The world's smallest snake, averaging just 10cm (4 inches) and as thin as a spaghetti noodle, has been discovered on the Caribbean island of Barbados.

The snake, found beneath a rock in a tiny fragment of threatened forest, is thought to be at the very limit of how small a snake can evolve to be.
It is so small it could curl up comfortably on a US quarter.

The snake has been labeled Leptotyphlops carlae by its discoverer, Dr. Blair Hedges - "leptotyphlops" meaning "small blind snake" (with over 80 species known previously); "carlae" in honor of his wife, Carla.

The reason for the conclusion about size limits is that while other, larger, snakes lay multiple eggs in a single clutch - as many as 100 - in this case the female lays just one massive egg at a time, producing a hatchling half the size of the its adult body weight. That may be the largest egg-to-body-mass ratio in nature: The San Diego Zoo says the kiwi lays the largest egg in proportion to its body size - in that case an egg that can be up to a quarter of the size of the adult. Proportionately, that's only about half the size of that produced by this snake. So it would not seem that the snake could produce a larger egg. But if it produced just two eggs at a time, the two would have to occupy the same total space as the one, which would mean each hatchling would be half the size, with the result that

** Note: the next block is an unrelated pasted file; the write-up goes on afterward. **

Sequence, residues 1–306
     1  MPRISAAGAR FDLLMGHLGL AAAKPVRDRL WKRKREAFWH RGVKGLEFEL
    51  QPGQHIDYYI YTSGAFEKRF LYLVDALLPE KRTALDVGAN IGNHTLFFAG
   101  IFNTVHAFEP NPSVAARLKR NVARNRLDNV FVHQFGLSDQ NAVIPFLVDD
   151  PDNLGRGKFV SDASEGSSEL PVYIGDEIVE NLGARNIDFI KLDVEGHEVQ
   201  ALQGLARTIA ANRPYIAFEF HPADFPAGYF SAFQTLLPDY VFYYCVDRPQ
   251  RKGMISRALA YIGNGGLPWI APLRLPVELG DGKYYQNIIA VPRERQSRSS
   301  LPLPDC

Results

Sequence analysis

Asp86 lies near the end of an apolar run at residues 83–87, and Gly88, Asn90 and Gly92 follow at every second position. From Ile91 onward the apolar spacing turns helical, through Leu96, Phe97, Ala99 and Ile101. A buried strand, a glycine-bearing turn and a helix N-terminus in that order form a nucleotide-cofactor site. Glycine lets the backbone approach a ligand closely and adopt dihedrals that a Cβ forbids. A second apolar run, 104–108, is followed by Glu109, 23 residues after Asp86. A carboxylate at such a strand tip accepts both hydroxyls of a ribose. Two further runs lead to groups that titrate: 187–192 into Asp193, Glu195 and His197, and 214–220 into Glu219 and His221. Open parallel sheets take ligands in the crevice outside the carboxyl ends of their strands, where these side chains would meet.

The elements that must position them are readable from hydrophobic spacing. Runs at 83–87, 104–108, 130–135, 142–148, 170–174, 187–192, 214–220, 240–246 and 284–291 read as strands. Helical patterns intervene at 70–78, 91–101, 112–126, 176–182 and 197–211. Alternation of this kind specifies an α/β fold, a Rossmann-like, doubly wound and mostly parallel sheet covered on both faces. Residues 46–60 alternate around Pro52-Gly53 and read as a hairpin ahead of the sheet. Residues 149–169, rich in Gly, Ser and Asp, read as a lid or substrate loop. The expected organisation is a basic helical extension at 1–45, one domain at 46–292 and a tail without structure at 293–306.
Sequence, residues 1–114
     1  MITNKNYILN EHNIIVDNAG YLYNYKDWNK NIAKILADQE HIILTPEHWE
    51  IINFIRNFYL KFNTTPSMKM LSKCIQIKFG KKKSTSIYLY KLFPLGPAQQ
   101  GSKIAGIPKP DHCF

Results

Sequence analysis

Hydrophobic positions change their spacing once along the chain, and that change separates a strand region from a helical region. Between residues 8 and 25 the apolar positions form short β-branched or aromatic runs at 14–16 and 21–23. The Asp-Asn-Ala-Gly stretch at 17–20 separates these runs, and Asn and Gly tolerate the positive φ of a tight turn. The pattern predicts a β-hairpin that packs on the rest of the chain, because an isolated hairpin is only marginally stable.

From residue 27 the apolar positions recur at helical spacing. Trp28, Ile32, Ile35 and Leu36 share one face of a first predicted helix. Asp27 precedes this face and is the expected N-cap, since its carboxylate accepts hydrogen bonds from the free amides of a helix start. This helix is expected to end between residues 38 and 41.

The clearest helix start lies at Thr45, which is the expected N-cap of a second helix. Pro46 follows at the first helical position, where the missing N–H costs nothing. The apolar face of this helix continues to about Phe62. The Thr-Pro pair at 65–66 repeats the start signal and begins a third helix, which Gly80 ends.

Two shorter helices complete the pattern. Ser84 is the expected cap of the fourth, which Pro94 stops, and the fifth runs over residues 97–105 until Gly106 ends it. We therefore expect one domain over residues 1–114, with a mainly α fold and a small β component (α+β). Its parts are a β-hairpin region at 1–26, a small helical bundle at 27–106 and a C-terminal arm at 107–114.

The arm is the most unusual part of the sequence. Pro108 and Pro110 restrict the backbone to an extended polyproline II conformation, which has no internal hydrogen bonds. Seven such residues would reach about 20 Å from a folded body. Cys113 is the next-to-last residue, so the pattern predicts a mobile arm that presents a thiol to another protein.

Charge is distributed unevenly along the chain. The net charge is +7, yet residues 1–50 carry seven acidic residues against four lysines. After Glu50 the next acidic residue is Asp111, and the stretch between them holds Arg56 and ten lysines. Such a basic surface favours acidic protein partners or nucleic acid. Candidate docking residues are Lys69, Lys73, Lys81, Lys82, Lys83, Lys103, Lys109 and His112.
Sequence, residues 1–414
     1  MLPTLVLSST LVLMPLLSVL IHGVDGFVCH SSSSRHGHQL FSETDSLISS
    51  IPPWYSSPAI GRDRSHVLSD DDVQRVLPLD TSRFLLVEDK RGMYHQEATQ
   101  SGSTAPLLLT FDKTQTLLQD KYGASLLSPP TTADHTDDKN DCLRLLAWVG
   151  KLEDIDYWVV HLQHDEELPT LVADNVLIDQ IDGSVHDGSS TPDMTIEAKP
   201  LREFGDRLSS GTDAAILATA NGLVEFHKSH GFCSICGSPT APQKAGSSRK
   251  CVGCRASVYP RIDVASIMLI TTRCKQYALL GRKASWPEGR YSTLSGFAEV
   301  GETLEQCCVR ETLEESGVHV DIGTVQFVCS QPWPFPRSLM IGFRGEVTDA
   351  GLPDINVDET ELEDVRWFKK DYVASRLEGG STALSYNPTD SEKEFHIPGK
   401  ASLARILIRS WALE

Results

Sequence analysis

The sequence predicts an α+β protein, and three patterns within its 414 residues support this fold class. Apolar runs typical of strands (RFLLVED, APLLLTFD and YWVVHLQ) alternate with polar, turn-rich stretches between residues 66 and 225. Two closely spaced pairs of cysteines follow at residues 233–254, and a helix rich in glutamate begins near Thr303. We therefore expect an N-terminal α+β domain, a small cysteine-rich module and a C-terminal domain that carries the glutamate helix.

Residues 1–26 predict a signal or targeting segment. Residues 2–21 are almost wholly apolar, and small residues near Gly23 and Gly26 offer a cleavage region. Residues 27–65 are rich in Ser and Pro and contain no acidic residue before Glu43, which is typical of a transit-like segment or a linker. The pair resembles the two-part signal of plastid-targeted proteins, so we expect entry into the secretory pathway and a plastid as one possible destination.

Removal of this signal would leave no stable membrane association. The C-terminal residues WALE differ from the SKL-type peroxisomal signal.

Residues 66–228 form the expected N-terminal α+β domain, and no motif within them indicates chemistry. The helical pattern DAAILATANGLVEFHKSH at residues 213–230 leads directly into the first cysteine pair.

[t]he hatchlings might then be too small to find anything small enough to eat.
But just as you're thinking cool and score another one for evolutionary adaptation, comes this:
Researchers believe that the snake - a type of thread snake - is so rare that it has survived un-noticed until now.

But with 95% of the island of Barbados now treeless, and the few fragments of forest seriously threatened, this new species of snake might become extinct only months after it was discovered.
And life re-emerges. Damn.

Footnote: A few years earlier, Hedges, together with his colleague Richard Thomas, found and described the world's smallest known lizard. It can rest on a dime.